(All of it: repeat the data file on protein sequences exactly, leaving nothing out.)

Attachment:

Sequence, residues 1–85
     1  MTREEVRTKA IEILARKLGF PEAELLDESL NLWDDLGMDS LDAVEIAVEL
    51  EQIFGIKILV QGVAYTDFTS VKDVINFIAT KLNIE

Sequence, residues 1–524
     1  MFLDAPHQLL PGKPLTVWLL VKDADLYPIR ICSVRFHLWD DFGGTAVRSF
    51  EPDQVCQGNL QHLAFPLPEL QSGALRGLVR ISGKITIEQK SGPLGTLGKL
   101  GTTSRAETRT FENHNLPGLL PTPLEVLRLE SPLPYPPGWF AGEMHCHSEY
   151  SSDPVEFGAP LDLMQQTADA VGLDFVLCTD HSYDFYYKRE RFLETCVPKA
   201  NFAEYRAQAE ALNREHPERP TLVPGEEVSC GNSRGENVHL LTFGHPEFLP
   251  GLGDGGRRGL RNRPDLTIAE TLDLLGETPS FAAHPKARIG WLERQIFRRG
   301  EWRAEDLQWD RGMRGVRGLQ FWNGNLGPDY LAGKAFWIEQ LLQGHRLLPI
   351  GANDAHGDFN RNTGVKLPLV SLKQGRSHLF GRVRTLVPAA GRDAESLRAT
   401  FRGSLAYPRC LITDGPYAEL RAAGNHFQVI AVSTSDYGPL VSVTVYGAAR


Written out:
Sequence, residues 1–85
     1  MTREEVRTKA IEILARKLGF PEAELLDESL NLWDDLGMDS LDAVEIAVEL
    51  EQIFGIKILV QGVAYTDFTS VKDVINFIAT KLNIE

Sequence, residues 1–524
     1  MFLDAPHQLL PGKPLTVWLL VKDADLYPIR ICSVRFHLWD DFGGTAVRSF
    51  EPDQVCQGNL QHLAFPLPEL QSGALRGLVR ISGKITIEQK SGPLGTLGKL
   101  GTTSRAETRT FENHNLPGLL PTPLEVLRLE SPLPYPPGWF AGEMHCHSEY
   151  SSDPVEFGAP LDLMQQTADA VGLDFVLCTD HSYDFYYKRE RFLETCVPKA
   201  NFAEYRAQAE ALNREHPERP TLVPGEEVSC GNSRGENVHL LTFGHPEFLP
   251  GLGDGGRRGL RNRPDLTIAE TLDLLGETPS FAAHPKARIG WLERQIFRRG
   301  EWRAEDLQWD RGMRGVRGLQ FWNGNLGPDY LAGKAFWIEQ LLQGHRLLPI
   351  GANDAHGDFN RNTGVKLPLV SLKQGRSHLF GRVRTLVPAA GRDAESLRAT
   401  FRGSLAYPRC LITDGPYAEL RAAGNHFQVI AVSTSDYGPL VSVTVYGAAR